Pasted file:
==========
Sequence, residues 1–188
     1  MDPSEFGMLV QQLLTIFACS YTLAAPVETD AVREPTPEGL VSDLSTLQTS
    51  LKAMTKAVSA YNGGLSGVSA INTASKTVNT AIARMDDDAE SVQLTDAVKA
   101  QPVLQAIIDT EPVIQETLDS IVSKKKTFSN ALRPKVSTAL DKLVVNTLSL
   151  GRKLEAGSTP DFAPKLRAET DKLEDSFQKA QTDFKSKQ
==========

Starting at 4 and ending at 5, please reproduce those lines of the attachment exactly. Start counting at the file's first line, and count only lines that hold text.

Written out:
   101  QPVLQAIIDT EPVIQETLDS IVSKKKTFSN ALRPKVSTAL DKLVVNTLSL
   151  GRKLEAGSTP DFAPKLRAET DKLEDSFQKA QTDFKSKQ